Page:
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Tag: Social Science
By Robert Dingwall | Published: July 16, 2014
What does the Facebook emotional contagion study really tells us about research ethics? Perhaps, argues Robert Dingwall, that its time to deregulate public social science.
By Robert Dingwall | Published: June 23, 2014
Robert Dingwall argues that numeracy and and a grasp of quantitative method of course have a place in the education of a social scientist, but they shouldn't be the only skills in the graduate's quiver. How about he ability to walk around, for one?
By Robert Dingwall | Published: February 10, 2014
Feel-good interventions that don't provide a practical good, or at least one not supported by evidence, generate questions that hinge specifically on future responses to climate change and more broadly on government decision-making in general.
By Paul M. W. Hackett | Published: January 6, 2014
There they sit, giving the ‘thumbs-up’ to our lives, affirming that all is okay in our world. The ubiquitous “like” button, the “like” option or “recommend” button are familiar features of many social media websites. The ‘like” feature on a social network site or blog allows readers to express their positive emotional and cognitive reactions […]
By Robert Dingwall | Published: October 15, 2013
Back in the summer, John Holmwood, the current BSA President, sent me an email about impact and research ethics. Various contingencies have got in the way of discussing his concerns – but they are important. John’s argument, in essence, is that the implications of the UK impact agenda for research ethics have been overlooked, and […]
By LSE Impact | Published: October 13, 2013
Due to the confusion over what counts as evidence, mental health research has largely failed to make a significant impact on workplace wellbeing and employment relations practices. Elizabeth Cotton argues that in order to make a positive difference, academic research will have to involve new technologies and communication strategies aimed at helping people to improve their mental health at work.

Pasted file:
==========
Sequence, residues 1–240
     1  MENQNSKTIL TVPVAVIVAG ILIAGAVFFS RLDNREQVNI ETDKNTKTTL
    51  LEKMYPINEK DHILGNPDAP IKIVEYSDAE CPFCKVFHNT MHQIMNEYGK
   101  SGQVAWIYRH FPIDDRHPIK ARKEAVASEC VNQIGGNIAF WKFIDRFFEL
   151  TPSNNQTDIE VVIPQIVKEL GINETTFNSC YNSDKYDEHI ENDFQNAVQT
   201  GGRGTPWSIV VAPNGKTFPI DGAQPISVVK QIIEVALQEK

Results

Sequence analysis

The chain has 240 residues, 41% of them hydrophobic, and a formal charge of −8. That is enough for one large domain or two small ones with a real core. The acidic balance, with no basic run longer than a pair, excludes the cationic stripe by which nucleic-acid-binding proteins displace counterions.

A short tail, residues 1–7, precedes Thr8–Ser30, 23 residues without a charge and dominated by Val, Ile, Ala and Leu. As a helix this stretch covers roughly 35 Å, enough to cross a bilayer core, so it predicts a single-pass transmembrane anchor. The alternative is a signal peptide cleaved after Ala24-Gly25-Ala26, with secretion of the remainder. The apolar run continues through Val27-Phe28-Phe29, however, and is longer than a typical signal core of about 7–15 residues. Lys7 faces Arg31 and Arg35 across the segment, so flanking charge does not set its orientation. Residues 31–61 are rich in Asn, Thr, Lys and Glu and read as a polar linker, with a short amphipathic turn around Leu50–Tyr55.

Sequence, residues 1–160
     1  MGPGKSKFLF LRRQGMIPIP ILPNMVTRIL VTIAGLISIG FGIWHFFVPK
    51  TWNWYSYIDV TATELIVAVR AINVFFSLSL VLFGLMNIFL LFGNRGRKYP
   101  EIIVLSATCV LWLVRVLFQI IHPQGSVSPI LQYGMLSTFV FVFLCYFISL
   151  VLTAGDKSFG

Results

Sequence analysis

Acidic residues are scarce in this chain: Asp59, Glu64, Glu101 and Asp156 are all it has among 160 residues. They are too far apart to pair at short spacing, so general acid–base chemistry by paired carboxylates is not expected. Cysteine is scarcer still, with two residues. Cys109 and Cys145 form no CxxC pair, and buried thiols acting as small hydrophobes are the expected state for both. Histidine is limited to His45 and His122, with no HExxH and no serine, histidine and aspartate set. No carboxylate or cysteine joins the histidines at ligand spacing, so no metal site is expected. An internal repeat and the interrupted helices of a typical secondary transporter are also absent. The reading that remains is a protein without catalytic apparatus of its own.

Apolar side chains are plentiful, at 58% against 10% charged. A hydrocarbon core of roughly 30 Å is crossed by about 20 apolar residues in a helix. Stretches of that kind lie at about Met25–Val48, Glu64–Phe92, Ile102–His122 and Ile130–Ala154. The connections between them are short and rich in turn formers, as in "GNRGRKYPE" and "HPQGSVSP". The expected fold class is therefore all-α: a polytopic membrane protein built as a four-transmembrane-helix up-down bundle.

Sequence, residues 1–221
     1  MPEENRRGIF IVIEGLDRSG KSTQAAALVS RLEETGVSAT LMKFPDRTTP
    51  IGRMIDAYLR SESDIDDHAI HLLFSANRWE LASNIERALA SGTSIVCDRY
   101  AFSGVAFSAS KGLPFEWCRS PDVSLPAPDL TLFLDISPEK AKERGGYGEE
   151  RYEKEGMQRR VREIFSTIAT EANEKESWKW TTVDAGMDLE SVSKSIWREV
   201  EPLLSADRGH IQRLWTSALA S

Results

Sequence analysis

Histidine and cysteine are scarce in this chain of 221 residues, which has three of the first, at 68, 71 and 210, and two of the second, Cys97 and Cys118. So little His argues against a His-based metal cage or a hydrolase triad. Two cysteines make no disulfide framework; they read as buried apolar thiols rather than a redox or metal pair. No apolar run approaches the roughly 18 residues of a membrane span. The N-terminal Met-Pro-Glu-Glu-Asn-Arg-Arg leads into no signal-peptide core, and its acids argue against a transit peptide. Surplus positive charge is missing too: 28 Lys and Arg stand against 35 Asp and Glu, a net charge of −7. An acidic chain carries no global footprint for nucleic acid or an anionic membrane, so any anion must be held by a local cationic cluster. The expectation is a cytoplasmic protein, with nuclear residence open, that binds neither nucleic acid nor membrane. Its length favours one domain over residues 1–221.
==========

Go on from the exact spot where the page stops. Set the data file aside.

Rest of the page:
By Ziyad Marar | Published: September 19, 2013
Social science may be faring better politically in UK than US, says Ziyad Marar, but let's avoid complacency at all costs
By Sarah-Louise Quinnell | Published: September 15, 2013
I am a Qualitative Social Scientist. I believe in that words tell you more than numbers and the emphasis on numbers in my current working environment has led me to think about why I feel so strongly about the importance of words and what Qualitative Social Science can offer the Commercial world. This leads me to make suggestions for ECRs considering leaving the Academy.
By British Sociological Association | Published: September 10, 2013
This year’s British Sociological Association annual conference saw countless presentations from all over the country, many of which were based on secondary data, many of which are preserved and distributed by the UK Data Service. essay writing services Established on 1 October 2012, the UK Data Service is a new national data service for social […]
By LSE Impact | Published: September 4, 2013
A recent New York Times op-ed has provoked a great deal of debate over the relevance and reinvigoration of the social sciences. Alex Golub welcomes some of the criticism levied at the social sciences as a whole but finds the lack of evidence supporting many of the sweeping claims on why social science is stagnating to be unreconcilable given massive funding differentials and the history of social and natural sciences. But social scientists must continue to work to ensure mainstream social science is communicated in more accessible ways.
By Social Science Space | Published: August 28, 2013
A study of 11,000 alumni from the University of Oxford has shown that humanities graduates went on to work in the UK’s major growth sectors. The Oxford study can’t tell us much about the fate of graduates at other universities around the UK. But it does prompt a closer look at the stigma surrounding humanities subjects in the UK.
By The Monkey Cage | Published: August 26, 2013
As academics, we are not usually trained – or even encouraged – to seek an audience for our research beyond the world of peer review. This leaves us ill-equipped for the policy world, a competitive place in which scholars enjoy few advantages. To bring our ideas and findings into the policy arena, we must adopt a style of engagement that enable us to compete effectively with these other groups for the attention of decision-makers.